It's rare that guests will sit down during a wedding reception and think, "Wow, these flowers are the perfect size for the table!" But the opposite is certainly true, as anyone who's ever sat down to a meal and couldn't see the person sitting across from them (because flowers were in the way) can verify. Whether you're making your own centerpieces or simply looking for more information to give your wedding florist about sizing, here are some tips from floral designer Sullivan Owen that'll help you get your big-day centerpieces just right.
Pay attention to height.
Owen says height is an important factor to consider. She says her golden rule is, "Nothing taller than my chin resting on my hand for a low floral design, because I like to think that everyone at the wedding wants to actually see each other." For taller arrangements, which are sometimes necessary for a space that needs more height and drama, she says, "I try to have the visual bulk of the design about 33-36 inches from the tabletop."
Be selective with your vessel choice.
Since it's important for guests to be able to converse with those across from them at the table, Owen says that she carefully considers the vessel when she's designing a tall arrangement. "We try not to use visually heavy vases that create an obstacle. So, we'll use clear glass, delicate silver pedestals, or mercury glass in fluted shapes," the pro explains. When she's designing an arrangement that's lower to the table, there's more flexibility with vessels.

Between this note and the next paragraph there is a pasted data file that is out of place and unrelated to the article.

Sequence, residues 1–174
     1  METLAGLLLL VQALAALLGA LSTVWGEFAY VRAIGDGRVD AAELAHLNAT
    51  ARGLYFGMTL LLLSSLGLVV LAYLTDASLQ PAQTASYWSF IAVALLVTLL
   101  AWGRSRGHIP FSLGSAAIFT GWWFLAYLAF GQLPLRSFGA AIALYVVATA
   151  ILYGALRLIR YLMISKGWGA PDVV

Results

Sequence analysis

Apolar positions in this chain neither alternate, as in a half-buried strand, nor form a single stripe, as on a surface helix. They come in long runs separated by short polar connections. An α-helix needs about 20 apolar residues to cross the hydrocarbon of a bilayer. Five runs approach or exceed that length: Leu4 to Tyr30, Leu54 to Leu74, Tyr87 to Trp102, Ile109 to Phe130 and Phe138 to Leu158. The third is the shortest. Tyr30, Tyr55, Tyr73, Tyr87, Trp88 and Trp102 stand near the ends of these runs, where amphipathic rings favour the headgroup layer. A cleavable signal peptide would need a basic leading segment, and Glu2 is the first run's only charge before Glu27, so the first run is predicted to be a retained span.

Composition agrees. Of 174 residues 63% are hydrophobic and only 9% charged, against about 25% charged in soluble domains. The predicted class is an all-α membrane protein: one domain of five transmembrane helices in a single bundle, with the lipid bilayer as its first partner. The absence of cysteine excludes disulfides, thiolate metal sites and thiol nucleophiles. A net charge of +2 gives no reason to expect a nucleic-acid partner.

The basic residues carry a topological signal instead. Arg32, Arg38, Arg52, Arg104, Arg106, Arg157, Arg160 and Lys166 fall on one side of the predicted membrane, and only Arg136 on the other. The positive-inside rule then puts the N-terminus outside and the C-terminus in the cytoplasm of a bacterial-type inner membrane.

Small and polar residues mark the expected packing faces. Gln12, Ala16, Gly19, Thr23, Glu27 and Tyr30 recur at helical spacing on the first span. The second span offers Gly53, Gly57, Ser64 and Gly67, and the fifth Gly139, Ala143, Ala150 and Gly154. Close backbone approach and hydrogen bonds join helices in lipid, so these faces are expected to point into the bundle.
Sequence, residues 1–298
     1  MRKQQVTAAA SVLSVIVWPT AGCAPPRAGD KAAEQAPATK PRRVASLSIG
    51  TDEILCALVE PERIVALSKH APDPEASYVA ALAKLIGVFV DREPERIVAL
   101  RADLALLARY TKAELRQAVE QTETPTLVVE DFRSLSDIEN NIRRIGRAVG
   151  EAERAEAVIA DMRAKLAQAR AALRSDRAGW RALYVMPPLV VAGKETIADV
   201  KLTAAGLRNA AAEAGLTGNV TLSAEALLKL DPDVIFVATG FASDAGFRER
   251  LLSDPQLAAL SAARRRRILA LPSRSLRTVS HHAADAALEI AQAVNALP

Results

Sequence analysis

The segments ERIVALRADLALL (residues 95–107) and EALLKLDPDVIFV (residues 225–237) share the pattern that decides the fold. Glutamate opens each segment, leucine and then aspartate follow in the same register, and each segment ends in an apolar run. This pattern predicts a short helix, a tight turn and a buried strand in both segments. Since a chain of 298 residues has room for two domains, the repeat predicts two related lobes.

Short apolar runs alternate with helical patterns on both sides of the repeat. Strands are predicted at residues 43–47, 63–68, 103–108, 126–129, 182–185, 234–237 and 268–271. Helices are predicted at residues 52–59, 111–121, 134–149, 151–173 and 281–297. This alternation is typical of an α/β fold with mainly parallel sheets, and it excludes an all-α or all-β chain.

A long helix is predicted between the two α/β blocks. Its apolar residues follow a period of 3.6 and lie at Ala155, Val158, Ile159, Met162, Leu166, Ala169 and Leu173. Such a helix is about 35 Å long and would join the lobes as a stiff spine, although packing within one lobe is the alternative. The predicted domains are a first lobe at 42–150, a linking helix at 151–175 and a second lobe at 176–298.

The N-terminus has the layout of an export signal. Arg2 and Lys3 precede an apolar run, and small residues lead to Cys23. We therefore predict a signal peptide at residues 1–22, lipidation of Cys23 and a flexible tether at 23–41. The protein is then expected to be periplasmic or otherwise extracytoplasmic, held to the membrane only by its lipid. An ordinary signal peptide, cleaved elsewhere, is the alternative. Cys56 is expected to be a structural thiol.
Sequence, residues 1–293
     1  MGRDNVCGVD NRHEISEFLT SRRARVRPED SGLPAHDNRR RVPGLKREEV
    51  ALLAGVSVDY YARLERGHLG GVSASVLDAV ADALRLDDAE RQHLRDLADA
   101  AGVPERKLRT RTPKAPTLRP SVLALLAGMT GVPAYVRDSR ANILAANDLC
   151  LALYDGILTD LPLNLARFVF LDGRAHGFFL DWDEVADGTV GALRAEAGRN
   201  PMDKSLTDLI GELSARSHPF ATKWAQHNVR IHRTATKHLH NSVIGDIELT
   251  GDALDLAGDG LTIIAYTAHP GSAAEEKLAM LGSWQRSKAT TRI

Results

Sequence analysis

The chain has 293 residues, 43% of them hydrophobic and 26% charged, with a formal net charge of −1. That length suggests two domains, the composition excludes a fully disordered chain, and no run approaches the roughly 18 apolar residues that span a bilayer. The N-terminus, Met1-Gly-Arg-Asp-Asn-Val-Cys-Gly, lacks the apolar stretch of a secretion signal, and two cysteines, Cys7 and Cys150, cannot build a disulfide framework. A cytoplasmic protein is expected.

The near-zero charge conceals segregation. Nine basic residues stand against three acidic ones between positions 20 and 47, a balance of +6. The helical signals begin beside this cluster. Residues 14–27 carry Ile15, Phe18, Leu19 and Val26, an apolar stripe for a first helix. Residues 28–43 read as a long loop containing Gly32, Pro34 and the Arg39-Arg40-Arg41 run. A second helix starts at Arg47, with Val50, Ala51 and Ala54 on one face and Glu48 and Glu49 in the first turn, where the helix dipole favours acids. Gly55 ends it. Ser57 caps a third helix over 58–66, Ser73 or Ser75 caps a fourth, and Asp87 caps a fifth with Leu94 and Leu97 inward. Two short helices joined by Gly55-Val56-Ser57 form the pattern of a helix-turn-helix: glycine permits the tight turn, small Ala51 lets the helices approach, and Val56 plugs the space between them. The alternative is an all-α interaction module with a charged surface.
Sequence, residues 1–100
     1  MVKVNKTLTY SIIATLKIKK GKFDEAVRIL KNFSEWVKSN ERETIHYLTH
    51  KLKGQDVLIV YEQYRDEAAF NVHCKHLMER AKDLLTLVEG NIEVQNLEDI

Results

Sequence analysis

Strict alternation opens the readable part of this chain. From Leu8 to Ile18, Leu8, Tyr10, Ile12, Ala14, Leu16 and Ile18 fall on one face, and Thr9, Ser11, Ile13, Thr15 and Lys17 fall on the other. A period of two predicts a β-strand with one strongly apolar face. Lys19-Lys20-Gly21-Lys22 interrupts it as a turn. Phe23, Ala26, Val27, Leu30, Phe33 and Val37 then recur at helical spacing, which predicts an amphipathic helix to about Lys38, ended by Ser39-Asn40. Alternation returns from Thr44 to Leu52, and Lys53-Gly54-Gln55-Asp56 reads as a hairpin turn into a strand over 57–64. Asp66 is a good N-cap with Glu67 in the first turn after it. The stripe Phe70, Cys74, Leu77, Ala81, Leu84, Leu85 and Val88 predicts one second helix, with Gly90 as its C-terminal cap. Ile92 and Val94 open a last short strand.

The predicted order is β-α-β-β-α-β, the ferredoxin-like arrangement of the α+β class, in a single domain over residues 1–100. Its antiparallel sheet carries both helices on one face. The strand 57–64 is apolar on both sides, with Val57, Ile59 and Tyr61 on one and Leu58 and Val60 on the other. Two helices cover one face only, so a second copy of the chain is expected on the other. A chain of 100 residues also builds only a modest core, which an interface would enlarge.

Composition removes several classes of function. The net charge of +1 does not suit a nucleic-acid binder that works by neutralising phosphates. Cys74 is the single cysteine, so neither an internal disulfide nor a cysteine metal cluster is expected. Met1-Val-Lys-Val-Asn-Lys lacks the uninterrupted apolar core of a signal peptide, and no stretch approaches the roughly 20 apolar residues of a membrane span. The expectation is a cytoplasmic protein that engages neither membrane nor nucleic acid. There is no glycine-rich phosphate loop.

Let your wedding style determine the size of your centerpieces.
The overall design concept is key to determining centerpiece sizing. Owen says, "I find that clients with a more laid-back or organic aesthetic prefer lower-scale designs, floral runners, and things that meander down the table." As for clients with a more formal style, she says, "They tend to prefer height on at least some of the tables, and we try to bring in height with not just floral but candles and accessories as well."
Ask about mock-ups and design meetings.
The best way to get a sense of what everything will look like on the table is to attend a design meeting with a florist or to do a mock-up of the table if you're handling your own flowers. Once flowers, candles, chargers, glassware, and flatware are all on the table, it's much easier to see if you should go larger or smaller with your centerpieces.
Owen says, "I meet with clients in my studio showroom, where I have all sorts of vessels, and we do a lot of brainstorming through sketches. Through technology, there are many ways to render the design styles into a space to help the client decide which design options speak to them and also which designs have the most impact on the environment." The key to all of this is to come up with a design that simultaneously looks amazing and gorgeous, and also feels comfortable for your guests.